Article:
Yesterday afternoon Samsung South Africa delivered a controller to Hypertext along with a Galaxy Note 10+ and we have been struggling to do work today.
The controller is called the Glap.play P/1 and it features a space for your smartphone, Bluetooth, its own battery and buttons akin to the Xbox but in a layout that screams PlayStation. From here on out we’ll be referring to it simply as Glap.
While Samsung has sent us the controller for review, it’s not a Samsung product though it is designed for Samsung and can fit a full size Galaxy Note 10+ with room to spare.
The Glap is actually made by a firm called QuantumX and it can be used for a variety of Android smartphones. You can even plug it straight into your PC to use as a controller there.
We’re no ready to pen a full review of the Glap just yet but we do want to chat about a few things before we do.
The Glap comes in its own carrying case which includes stickers, instructions, and a charging cable. The case feels rather sturdy but its fabric interior will stop the controller from getting scuffed as you carry it around.
Charging is accomplished via a USB Type C port located on the controller and connectivity is provided via Bluetooth. The manufacturer claims a 10 hour battery life and we are keeping a close eye on that claim.
But how well does it work?
We’re using Steam Link for the time being as we wait for the mobile versions of PUBG and Fortnite to download but so far, the controller has been great. Steam Link however, has been very problematic.
Steam Link is very fragile even on a 5GHz network. For example, “tabbing out” to start screen recording on the Note 10+ caused the image to break for a moment before returning to normal. Some games also don’t appear to recognise the controller and others just refuse to accept it exists at all.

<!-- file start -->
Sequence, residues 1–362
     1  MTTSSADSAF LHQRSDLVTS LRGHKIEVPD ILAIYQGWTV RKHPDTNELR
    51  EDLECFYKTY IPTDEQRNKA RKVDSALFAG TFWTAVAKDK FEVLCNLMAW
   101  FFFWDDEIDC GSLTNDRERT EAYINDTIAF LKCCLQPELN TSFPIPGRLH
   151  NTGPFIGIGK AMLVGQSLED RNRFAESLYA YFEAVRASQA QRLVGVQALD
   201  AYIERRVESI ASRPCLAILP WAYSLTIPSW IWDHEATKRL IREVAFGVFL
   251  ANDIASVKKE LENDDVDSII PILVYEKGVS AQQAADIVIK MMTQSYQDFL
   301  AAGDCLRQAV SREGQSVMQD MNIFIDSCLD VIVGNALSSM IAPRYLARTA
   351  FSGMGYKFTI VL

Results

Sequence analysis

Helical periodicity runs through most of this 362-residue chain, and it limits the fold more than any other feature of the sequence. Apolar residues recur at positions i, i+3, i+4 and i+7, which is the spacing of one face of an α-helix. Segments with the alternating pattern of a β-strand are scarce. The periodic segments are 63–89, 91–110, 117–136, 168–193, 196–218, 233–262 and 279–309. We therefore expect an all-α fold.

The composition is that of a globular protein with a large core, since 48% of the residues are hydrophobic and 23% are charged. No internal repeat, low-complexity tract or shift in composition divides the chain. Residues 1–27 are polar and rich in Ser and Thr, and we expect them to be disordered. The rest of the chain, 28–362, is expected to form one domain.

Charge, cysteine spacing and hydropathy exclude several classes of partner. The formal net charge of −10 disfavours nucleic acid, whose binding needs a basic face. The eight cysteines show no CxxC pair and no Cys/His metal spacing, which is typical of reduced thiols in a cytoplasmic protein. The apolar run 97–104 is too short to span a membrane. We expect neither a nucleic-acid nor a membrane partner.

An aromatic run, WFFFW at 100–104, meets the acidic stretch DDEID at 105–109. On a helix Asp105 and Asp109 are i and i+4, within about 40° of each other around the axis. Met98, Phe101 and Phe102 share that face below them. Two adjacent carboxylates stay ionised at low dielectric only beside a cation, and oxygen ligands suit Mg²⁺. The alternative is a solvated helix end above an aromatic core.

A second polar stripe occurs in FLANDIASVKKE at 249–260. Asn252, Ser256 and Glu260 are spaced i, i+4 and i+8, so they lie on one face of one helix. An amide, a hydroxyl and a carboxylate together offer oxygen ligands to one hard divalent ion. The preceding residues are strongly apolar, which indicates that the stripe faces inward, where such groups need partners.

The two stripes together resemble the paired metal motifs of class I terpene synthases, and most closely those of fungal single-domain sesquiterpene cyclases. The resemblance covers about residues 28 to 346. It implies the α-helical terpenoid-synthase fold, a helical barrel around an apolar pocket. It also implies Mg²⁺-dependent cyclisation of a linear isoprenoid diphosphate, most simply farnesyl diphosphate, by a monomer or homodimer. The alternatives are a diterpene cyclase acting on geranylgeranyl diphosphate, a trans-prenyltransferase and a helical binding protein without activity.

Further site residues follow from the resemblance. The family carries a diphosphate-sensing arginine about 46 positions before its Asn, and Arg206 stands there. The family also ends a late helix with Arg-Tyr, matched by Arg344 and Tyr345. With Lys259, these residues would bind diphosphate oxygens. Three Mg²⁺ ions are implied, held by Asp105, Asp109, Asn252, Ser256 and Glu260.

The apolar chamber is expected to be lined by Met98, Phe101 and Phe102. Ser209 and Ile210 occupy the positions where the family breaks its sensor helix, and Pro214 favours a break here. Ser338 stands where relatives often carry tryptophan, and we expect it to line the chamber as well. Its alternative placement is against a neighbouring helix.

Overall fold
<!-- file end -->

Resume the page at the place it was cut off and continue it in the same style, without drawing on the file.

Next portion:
However, in the games where it is recognised, the controller itself is great. When using Bluetooth peripherals in the past we’ve noted a small input delay. That delay is not present here with the Glap reacting superbly to our button presses.
The controller feels good in the hand and the buttons are of as high a quality as those in the Xbox One and Dualshock 4 controllers. The analog sticks feel really smooth as well.
The major concerns we have at the moment include the lack of space for a headphone jack and the heat the entire system kicks out combined with a premium smartphone running a game.
The headphone jack can likely be solved with Bluetooth headphones but this does bring into question how quickly the battery of the phone will drain.
The Glap’s RRP is R1 299 which isn’t bad, especially if you plan on doing any sort of serious mobile gaming.
Eskom permitting, we will be spending the weekend with the Glap and we’ll report back when we’ve spent some quality time with the controller.